Alexandra Rico-Lloyd, 26 is co-founder of the Bike Club. The Bike Club is the UK’s first monthly kids bike subscription service, offering high-quality kids bikes that can be exchanged as children grow, alongside high quality scooters and accessories.
She founded the business with husband James Symes, and says, “I’m not the ideas person. The credit there goes to James, my husband and co-founder. He’s always coming up with (mostly) excellent and some not-so-great ideas for businesses.” Alexandra and James are parents to Lucian, 3, and Ophelia, 1, with and another due in a few months’ time. Alexandra continues, “This business idea, for some reason stuck; I got to work building a website whilst he applied for an FCA licence. He forked out some cash on our first bikes and the rest is history!
“It takes a lot longer than people think to start a business from scratch. After about four months of ideation, we were ready to go to market, but it wasn’t until six months later that we started trading. We were both working full-time, so we’d spend our early mornings, lunch breaks, evenings and weekends working on the business. We launched in October 2016, just in time for Christmas which is peak season for us as a business. Every child longs for a bike under the tree!
“We bootstrapped for quite a while. My husband took the risk maxing out his credit cards, re-mortgaging and generally finding cash to buy more bikes. In hindsight, the trust there from him and his family was pretty nerve racking, but it gave us an opportunity to prove the concept before taking on external funding. I left my job in March 2017 and the business employed its first member of staff in September later that year.
“I love being passionate about what I do. I love that my son knows mummy and daddy get more children cycling, and that at the grand age of 2.5 understands that and supports us. I believe that what we do at the BIke Club is the future of family cycling, and it’s incredible to build such a great team that shares our passion.
“In the early days, it was definitely the loneliness that I struggled with as my biggest business challenge. Nowadays it’s the misconception that being an entrepreneur or a business owner is extremely glamorous and allows for a great work-life balance. If anything, it’s the complete opposite. I’ve never quite understood the saying ‘I work for myself’. I work for our members, ensuring we maintain focus on improving the product and service we offer. I work for our staff, providing them with job security and creating a company they are proud to work for, and I work for our investors, as ultimately they are what keeps the business funded so we can grow and inspire more cyclists.
“I have made many, many mistakes over the years. A lot of my personal mistakes have been down to inexperience; however, I am always open to feedback and putting my hands up when I realise I messed up. In a start-up we’re treading ground never trodden before, so it’s impossible not to make mistakes. However, diagnosing a problem properly and being creative around how to solve it is usually the way forward.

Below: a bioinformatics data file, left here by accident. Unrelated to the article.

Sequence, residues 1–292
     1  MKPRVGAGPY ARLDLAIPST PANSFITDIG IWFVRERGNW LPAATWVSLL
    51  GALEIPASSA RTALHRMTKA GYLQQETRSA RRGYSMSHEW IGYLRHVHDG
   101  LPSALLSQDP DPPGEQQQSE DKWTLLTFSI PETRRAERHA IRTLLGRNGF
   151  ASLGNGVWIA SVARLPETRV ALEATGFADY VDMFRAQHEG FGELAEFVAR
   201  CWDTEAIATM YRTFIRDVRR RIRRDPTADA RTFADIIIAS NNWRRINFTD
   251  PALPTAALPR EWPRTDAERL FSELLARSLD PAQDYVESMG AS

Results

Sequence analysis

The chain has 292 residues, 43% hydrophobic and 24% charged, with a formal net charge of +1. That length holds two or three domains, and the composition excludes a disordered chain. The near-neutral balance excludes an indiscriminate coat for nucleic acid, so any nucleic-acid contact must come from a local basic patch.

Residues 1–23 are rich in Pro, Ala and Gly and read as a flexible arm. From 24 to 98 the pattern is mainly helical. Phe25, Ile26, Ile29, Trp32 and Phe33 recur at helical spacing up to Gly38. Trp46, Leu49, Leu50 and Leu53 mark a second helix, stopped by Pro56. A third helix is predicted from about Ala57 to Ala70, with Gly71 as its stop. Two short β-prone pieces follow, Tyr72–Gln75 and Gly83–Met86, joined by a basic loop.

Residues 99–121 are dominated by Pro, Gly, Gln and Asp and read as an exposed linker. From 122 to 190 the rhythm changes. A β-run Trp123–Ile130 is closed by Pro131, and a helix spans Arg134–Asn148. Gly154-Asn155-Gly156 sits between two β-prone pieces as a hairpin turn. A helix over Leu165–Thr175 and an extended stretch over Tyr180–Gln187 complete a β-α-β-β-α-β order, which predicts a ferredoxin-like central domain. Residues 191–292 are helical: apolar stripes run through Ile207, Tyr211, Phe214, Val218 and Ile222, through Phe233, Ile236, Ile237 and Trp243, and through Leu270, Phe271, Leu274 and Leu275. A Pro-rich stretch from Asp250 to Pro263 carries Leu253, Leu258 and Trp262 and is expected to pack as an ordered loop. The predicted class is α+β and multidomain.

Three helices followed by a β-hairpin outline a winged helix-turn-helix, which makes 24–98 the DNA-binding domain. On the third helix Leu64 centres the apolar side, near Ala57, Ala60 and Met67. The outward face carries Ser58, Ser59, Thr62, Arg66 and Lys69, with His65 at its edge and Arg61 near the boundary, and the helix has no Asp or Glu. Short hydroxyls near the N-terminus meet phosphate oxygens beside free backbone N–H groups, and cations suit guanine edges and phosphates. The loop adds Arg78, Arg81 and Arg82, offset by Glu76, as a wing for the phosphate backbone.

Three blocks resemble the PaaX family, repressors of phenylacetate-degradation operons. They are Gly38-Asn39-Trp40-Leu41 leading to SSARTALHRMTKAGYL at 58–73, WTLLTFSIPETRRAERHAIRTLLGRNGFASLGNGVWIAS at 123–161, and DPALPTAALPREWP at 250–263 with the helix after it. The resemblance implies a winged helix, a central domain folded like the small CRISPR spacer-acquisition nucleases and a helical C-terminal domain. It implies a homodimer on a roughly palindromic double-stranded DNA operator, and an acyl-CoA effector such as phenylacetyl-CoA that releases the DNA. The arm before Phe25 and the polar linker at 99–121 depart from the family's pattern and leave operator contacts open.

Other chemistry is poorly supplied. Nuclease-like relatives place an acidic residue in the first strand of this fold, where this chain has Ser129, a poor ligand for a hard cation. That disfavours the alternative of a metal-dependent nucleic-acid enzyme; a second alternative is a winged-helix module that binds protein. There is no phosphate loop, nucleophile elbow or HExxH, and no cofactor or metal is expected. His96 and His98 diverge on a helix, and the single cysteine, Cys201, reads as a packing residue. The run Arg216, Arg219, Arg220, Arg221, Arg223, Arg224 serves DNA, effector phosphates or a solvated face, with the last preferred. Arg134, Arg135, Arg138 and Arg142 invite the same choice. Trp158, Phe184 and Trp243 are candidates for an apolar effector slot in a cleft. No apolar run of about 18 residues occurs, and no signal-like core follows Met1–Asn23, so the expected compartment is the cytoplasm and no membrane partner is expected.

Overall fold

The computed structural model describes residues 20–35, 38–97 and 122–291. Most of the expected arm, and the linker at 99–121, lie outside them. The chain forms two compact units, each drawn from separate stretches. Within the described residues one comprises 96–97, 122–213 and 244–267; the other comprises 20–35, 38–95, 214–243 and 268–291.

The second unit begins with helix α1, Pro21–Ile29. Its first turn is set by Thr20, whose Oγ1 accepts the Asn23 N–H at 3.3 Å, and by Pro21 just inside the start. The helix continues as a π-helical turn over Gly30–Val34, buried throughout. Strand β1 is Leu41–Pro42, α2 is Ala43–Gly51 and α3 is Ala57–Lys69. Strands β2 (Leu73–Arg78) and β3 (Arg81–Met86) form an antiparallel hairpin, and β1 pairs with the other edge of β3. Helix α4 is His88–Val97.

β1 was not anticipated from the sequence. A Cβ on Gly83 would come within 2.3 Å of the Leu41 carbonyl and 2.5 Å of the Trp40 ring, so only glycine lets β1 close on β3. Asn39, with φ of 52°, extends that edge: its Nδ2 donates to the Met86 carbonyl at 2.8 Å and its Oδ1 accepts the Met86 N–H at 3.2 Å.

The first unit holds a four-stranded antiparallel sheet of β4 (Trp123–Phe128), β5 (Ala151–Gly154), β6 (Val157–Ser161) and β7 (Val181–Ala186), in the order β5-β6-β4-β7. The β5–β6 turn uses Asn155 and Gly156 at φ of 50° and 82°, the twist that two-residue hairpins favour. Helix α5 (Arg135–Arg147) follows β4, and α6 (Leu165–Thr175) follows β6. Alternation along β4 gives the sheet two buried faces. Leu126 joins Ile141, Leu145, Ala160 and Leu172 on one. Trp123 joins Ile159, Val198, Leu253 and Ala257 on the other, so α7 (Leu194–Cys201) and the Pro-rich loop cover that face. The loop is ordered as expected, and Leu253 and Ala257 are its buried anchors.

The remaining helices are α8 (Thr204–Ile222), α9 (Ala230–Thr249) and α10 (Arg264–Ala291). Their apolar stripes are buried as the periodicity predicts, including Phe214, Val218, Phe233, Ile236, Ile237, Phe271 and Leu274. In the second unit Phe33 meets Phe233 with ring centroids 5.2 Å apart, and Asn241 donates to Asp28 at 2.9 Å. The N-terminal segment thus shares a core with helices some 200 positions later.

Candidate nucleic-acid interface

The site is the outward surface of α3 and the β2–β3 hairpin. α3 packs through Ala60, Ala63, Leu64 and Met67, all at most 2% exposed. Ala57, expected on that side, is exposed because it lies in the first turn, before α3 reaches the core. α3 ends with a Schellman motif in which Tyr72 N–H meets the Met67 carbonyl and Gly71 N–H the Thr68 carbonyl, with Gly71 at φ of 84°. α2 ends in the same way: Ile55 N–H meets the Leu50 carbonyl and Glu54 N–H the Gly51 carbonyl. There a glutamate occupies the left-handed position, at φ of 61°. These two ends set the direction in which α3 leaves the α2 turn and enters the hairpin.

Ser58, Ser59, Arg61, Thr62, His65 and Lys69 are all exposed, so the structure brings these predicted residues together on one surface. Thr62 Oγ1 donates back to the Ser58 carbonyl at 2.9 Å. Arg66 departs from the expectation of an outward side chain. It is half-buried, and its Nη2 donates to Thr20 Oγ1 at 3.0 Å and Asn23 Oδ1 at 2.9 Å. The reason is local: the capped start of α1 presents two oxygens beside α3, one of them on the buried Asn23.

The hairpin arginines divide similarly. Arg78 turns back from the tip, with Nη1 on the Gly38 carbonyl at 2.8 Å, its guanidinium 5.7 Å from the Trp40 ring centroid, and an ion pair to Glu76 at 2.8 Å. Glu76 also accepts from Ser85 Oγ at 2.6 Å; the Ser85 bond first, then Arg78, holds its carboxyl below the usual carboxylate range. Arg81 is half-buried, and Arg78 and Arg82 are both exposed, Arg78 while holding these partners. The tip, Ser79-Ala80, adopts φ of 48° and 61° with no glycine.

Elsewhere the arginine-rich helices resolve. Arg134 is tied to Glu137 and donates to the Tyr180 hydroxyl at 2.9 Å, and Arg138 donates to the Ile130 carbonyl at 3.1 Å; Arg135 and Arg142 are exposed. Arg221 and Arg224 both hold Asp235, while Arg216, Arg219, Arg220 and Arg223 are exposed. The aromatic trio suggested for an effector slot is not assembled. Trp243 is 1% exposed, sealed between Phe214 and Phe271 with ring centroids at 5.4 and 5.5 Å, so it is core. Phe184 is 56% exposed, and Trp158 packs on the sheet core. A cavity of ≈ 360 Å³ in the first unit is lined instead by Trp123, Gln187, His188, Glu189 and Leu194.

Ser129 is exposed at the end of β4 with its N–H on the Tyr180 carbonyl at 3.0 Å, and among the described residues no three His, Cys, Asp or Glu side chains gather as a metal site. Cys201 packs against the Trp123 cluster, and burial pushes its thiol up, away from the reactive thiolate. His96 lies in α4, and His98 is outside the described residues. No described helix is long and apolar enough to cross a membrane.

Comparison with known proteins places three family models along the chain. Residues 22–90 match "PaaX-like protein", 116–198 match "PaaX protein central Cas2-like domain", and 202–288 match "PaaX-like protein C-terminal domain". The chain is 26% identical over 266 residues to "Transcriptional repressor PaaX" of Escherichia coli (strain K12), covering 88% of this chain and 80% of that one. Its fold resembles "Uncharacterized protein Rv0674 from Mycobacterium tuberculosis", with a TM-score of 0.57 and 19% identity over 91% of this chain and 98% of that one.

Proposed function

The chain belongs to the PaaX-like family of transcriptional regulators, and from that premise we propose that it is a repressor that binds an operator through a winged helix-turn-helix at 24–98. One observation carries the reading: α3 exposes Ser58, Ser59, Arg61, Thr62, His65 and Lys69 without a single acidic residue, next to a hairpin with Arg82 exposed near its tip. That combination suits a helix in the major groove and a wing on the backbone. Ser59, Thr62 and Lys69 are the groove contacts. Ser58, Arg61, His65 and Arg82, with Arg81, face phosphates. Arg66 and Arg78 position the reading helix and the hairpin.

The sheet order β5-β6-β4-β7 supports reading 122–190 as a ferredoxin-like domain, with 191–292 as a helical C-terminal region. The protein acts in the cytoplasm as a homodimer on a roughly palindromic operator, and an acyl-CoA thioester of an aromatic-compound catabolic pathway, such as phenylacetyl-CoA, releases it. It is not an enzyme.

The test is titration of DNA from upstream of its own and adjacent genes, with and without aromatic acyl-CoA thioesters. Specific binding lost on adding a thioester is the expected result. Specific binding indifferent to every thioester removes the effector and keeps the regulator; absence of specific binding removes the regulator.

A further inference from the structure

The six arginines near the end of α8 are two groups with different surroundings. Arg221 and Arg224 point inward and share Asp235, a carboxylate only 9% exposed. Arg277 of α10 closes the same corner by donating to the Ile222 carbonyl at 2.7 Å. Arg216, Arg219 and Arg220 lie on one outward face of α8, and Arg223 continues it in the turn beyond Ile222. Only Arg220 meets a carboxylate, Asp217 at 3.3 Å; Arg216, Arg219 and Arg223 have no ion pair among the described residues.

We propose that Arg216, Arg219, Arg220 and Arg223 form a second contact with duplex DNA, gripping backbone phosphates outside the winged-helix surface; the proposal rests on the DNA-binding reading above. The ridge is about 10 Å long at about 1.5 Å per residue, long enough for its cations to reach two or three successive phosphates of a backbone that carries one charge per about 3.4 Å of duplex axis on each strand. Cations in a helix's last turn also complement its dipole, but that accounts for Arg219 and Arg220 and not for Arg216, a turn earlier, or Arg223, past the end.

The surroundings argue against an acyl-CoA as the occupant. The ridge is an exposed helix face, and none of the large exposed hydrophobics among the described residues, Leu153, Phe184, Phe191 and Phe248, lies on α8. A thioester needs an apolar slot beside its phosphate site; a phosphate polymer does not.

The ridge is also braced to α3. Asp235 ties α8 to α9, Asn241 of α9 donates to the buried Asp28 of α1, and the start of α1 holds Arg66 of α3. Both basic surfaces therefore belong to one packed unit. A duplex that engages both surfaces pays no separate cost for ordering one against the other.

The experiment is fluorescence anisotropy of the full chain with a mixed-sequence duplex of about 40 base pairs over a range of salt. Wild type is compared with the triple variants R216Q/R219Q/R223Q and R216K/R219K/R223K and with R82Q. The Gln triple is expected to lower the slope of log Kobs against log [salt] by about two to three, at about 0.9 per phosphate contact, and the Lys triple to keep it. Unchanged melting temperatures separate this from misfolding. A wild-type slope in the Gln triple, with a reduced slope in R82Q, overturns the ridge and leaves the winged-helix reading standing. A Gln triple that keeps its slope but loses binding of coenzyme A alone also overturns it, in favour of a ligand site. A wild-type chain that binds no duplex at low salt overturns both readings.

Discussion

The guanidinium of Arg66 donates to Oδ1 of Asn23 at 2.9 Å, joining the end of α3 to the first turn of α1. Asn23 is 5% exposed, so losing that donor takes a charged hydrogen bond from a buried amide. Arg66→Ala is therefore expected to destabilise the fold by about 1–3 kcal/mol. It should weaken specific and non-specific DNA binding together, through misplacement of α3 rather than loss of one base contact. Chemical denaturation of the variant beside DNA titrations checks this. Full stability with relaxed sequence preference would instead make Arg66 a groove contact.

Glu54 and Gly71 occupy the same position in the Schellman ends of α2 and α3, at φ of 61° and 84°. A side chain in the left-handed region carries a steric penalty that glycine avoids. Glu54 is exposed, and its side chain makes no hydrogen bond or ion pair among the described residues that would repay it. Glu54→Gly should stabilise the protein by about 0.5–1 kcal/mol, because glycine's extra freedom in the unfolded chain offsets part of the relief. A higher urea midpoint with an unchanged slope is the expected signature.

“Fitting in work with the family, It helps that my husband and I have a good understanding of what each other are going through professionally at any point in time. We’re both working towards the same goal; and that’s the success of the business. It requires a lot of shared diary management, especially when meetings or events fall outside of the normal working day.
“We’ve also had to rely a lot on the open-mindedness of those around us; with me breastfeeding my daughter during workshops, interviews and investment meetings and our son sitting on the floor during board meetings and partying hard in a baby carrier at Christmas parties.
“I think there will inevitably be a point in time where I feel I’ve set the business up for future success and I will leave it in good hands. I’d really like to spend some time focusing on more philanthropic opportunities at some point in my life. I care passionately about adolescent mental health, childhood obesity and equal opportunities for young girls. I look forward to the day when I might be able to have a direct impact in those areas.
“It’s very difficult to celebrate successes as an entrepreneur. There’s always the next challenge to overcome. Take closing a funding round for example; it’s a long process to get to signing and by the time you’re putting pen to paper you’re a little worn out, the money still isn’t in the bank account and inevitably you need the cash to execute a few major projects.
“I’ll never forget the moment we paid our first employee. That was a definite feel-good moment. I cried (happy tears) in front of him. I had paid someone else a salary, PAYE and all. They were able to go on holiday with their girlfriend and get a mortgage on the back of the business I’d built.
In five years time, I hope to have happy and fulfilled children who know how to ride a bike. Only slightly joking, but now off to pick the kids up from nursery so have to leave this here…
Find out more about the Bike Club.